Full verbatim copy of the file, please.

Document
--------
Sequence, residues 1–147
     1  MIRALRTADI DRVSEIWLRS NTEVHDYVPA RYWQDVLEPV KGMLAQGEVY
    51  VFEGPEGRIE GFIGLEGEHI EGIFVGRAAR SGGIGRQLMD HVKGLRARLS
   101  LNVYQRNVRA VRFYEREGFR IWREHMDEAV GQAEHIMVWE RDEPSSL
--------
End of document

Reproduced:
Sequence, residues 1–147
     1  MIRALRTADI DRVSEIWLRS NTEVHDYVPA RYWQDVLEPV KGMLAQGEVY
    51  VFEGPEGRIE GFIGLEGEHI EGIFVGRAAR SGGIGRQLMD HVKGLRARLS
   101  LNVYQRNVRA VRFYEREGFR IWREHMDEAV GQAEHIMVWE RDEPSSL